(Reuters) - European shares rose on Friday after U.S. President Donald Trump predicted a swift end to a damaging trade war with China.
The market appeared unfazed by British Prime Minister Theresa May’s resignation as Conservative party leader after failing in a final attempt to win parliamentary support for her divorce deal with the European Union.
The pan-European STOXX 600 ended up 0.56% but posted a weekly loss and remained on track for its first monthly decline since a steep sell-off at the end of last year.
Trump said late on Thursday that U.S. complaints against Huawei Technologies could be resolved within the broader trade framework, though no high-level bilateral talks have been scheduled yet.
Deutsche Bank Research analysts said Trump’s comments on Huawei showed the issues were linked “and that he remains amenable to a broad deal”.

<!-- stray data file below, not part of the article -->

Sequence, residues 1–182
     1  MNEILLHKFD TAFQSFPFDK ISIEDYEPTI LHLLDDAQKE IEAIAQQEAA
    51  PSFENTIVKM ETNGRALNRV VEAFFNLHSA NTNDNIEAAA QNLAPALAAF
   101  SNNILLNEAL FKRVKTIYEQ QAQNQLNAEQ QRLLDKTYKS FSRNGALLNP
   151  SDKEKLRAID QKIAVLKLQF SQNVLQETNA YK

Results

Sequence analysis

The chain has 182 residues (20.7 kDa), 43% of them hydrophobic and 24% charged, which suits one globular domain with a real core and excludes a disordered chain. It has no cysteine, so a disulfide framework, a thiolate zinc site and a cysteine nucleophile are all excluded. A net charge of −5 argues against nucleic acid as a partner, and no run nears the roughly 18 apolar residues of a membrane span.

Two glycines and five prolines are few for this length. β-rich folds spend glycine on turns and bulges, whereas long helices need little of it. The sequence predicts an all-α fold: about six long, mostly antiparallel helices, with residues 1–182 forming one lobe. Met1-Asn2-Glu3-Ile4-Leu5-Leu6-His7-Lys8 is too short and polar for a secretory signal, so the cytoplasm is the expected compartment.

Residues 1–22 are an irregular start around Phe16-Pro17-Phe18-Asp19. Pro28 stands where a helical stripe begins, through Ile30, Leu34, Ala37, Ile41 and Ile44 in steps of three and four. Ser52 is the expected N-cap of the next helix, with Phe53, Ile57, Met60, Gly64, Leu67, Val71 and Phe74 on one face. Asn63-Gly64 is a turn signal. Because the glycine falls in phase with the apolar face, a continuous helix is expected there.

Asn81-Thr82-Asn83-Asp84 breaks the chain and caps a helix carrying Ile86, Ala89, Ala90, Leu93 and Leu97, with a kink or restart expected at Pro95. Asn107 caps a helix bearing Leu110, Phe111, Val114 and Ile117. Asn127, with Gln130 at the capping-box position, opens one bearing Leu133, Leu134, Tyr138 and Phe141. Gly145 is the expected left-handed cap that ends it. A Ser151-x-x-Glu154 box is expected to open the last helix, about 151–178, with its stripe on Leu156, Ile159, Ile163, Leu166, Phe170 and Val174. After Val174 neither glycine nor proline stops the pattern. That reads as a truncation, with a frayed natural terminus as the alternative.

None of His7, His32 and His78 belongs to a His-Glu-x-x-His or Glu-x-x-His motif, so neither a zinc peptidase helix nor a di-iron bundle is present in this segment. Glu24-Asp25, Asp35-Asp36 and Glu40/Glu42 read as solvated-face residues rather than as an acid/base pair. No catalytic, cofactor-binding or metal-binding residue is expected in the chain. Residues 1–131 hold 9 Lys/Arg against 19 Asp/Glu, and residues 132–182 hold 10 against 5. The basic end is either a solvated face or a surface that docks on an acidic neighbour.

The STOXX 600 rose on broad-based gains led by the utility sector, gaining 1.3% percent for its best day in more than two months.
Mining stocks and insurers followed, while China-focused semiconductors stocks pushed the European tech sector 0.36% higher.
Milan’s MIB led the way among country indexes with its 1.2% rise, recovering from Thursday’s more than 2% slide. Germany’s trade-sensitive DAX was up 0.5%.
London’s FTSE 100 held gains after May’s widely expected announcement. [.L]
May’s said she would resign by June 7 after failing to deliver Brexit, setting up a Conservative party contest that will install a new British prime minister who could pursue a cleaner break with the European Union.
“No surprise with that announcement, the bigger shock would have been if she didn’t announce a date,” said Atlantic Markets’ John Woolfitt.
France’s Casino shares topped STOXX 600, up 7.5% after the retailer said its parent company Rallye’s filing for protection from creditors had no impact on the execution of its strategy.
Healthcare stocks Novartis and Roche were the biggest gainers. Brokerage Jefferies maintained its positive stance on EU large-cap pharma and named Roche its top pick.
Reporting by Medha Singh and Agamoni Ghosh in Bengaluru; Editing by Patrick Graham and Mark Heinrich
Our Standards: The Thomson Reuters Trust Principles.